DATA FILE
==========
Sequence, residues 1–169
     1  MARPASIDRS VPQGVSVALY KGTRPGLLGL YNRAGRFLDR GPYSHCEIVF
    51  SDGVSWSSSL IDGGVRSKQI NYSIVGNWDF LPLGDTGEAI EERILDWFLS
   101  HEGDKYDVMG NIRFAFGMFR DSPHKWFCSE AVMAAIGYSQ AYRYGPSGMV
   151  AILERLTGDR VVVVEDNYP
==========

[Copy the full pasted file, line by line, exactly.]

Sequence, residues 1–169
     1  MARPASIDRS VPQGVSVALY KGTRPGLLGL YNRAGRFLDR GPYSHCEIVF
    51  SDGVSWSSSL IDGGVRSKQI NYSIVGNWDF LPLGDTGEAI EERILDWFLS
   101  HEGDKYDVMG NIRFAFGMFR DSPHKWFCSE AVMAAIGYSQ AYRYGPSGMV
   151  AILERLTGDR VVVVEDNYP